Whether it will be “surprising” for all is something I question: indeed, the lessons learned from Finland align themselves so closely with the best educational thinking of the past several decades, and to my mind most particularly Ted Sizer and Tony Wagner himself, that it is legitimate to wonder whether this film finds too much of what it was looking for and projects itself too greatly upon its own subject.

One genuine surprise in this film is that it comes from Bob Compton, the film-maker of 2 Million Minutes and 2 Million Minutes, the 21st century solution.   (more…)

St. Gregory has proudly had a block schedule (4 blocks a day, 75 minute blocks) for seven years, and it is my belief that block scheduling is nearly a necessity for 21st century learning.   I have written about this before here on the blog, and it is something I believe passionately: for students to have the time to experiment, pursue their passions, collaborate, and study topics in depth, a block schedule makes a huge difference.

One of our fine “sister schools” here in Arizona is Phoenix Country Day School, which is taking the plunge for next year to convert to a block schedule, and we at St. Gregory are having the good fortune of welcoming a series of visiting teams of faculty members from PCDS, who are observing our classes in session to take note of how we effectively use the longer blocks.   The following is a guest post from a PCDS teacher, Kelly Butler,  who visited last week, offering her observations of our school in action.  My thanks go to Ms. Butler for writing this fine observation.

Overall, my experience at St. Gregory was enjoyable and a definitely worthwhile.  I left feeling confident about our transition into the block schedule next year and also walked away with some valuable insights.  It was apparent that your teachers are able to challenge their students, diversify instruction, and most importantly develop critical thinkers within the block.  Also, it made it abundantly clear to me that the block enables good teachers to truly shine and supports placing student needs first.  


Suzie Boss, co-author with Jane Krause of Reinventing Project Based Learning with Technology, visited St. Gregory for the past two days, and it was a great pleasure to share our school with her and discuss together project based learning with technology at St. Gregory.  Her presentation to our faculty (to reiterate, it is  Suzie’s presentation, not my own), is above, and it stimulated conversation for several days.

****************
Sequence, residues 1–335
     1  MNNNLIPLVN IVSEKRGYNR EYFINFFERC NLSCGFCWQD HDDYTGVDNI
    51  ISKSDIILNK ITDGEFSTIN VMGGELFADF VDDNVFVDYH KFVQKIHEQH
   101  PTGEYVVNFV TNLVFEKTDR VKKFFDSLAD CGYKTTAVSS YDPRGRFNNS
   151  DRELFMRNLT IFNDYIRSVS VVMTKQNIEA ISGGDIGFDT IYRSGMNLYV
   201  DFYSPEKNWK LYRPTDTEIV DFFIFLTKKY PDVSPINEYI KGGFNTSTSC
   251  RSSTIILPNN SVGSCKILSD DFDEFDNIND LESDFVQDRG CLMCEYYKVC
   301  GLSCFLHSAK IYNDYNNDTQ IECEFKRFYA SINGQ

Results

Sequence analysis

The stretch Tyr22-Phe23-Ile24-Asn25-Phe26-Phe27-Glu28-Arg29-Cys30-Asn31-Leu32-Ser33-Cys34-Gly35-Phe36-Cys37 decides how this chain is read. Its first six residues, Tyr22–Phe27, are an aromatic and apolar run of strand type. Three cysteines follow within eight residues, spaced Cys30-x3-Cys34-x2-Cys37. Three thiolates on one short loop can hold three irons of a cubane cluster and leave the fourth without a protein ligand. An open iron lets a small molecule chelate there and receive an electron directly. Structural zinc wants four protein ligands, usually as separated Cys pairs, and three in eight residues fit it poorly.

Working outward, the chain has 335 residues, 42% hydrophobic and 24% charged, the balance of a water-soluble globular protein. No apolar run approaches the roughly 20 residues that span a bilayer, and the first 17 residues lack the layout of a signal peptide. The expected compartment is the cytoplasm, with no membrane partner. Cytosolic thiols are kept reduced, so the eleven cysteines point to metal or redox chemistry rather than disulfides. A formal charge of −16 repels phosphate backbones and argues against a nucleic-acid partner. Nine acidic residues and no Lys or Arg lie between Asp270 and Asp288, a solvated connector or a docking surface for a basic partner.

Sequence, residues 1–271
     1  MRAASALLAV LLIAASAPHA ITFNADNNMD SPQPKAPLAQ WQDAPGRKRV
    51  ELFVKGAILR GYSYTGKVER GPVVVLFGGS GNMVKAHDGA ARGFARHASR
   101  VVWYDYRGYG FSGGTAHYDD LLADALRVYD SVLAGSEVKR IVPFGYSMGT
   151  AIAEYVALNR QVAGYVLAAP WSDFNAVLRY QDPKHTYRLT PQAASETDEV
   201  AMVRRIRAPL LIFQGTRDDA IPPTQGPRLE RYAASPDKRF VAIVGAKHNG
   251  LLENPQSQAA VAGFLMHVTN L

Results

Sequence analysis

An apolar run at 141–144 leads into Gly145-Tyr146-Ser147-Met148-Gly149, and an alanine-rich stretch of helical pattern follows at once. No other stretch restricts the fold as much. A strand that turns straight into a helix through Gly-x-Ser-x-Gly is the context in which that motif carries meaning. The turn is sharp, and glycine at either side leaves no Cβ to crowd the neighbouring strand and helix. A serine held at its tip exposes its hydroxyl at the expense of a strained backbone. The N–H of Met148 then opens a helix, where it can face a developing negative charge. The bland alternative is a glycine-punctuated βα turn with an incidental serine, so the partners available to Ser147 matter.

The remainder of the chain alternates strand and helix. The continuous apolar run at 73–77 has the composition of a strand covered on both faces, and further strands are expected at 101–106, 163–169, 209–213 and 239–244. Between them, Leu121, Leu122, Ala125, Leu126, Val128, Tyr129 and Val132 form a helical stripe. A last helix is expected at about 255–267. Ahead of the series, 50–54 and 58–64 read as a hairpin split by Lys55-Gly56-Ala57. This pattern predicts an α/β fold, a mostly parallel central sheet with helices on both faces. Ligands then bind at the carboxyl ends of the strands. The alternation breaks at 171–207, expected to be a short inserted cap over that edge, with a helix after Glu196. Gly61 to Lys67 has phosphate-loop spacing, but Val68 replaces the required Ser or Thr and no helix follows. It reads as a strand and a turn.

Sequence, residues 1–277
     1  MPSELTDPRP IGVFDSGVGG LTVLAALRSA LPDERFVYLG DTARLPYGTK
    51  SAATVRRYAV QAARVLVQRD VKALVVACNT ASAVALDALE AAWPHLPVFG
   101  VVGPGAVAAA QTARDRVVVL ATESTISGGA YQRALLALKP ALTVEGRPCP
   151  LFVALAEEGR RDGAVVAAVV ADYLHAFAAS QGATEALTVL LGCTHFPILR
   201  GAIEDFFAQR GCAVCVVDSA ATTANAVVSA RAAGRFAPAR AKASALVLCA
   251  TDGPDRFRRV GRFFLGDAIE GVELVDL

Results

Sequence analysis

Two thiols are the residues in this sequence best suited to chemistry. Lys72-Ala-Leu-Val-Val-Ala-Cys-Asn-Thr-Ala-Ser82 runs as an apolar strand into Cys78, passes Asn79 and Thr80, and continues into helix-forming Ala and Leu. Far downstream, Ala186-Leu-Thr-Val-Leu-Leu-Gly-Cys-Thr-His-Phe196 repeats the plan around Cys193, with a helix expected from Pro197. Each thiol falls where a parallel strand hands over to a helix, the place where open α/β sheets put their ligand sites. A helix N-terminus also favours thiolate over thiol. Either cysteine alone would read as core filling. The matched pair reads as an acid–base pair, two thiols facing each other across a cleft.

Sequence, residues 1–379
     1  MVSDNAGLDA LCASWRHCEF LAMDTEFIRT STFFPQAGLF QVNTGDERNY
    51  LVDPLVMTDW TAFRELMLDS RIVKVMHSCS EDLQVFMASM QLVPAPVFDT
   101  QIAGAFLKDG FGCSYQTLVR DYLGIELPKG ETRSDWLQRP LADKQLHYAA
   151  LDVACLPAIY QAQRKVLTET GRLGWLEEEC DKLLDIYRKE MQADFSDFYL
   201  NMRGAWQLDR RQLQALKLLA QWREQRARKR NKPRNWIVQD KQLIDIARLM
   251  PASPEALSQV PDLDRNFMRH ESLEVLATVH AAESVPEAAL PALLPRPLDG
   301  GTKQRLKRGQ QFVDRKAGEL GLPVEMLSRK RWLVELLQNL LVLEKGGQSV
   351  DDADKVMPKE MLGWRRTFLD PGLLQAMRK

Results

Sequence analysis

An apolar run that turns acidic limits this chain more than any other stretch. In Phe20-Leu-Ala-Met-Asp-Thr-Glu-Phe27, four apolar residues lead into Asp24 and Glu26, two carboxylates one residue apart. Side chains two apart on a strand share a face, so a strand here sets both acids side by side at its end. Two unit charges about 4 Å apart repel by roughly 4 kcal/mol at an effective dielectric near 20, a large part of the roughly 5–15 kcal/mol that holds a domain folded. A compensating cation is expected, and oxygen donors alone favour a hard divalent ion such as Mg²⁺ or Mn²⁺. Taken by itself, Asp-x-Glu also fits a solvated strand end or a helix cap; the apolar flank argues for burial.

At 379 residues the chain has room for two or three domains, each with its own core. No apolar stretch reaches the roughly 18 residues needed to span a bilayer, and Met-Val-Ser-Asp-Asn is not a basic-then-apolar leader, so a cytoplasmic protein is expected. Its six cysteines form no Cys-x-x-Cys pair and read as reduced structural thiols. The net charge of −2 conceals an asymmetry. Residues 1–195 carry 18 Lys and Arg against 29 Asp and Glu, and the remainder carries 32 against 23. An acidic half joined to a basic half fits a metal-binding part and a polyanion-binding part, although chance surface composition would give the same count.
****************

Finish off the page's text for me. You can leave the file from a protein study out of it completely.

I have listed links to  the resources she shared in her presentation below at bottom (click more).

After her presentation to the full faculty, she then was kind enough to spend the next day and a half visiting with small groups of teachers for a block at a time; in each block teachers shared with Suzie for her feedback projects either already implemented or already in development.  I am intending in a near-future post to share some of our teachers’ “take-aways” from these conversations.

Project Based Learning with Technology has been identified by the National Association of Independent Schools Guide to Becoming a School of the Future as a core “Unifying Theme” of Schools of the Future.   Many in 21st century learning, including the Partnership for 21st century skills, High Tech High, and New Tech Network Schools emphasize PBL-T as an essential vehicle for students to better actively learn and master skills such as collaboration, creativity, critical thinking, and communications– the skills we highlight as essential goals for our St. Gregory students.

I didn’t participate in most of the faculty sessions, but I enjoyed a sequence of dinners and lunches with Suzie and various others, and over the course of two days’ conversation several key themes about PBL emerged for me.

1. We need to be cautious about the idea that PBL can be effectively deployed as a primarily at-home/homework event. (more…)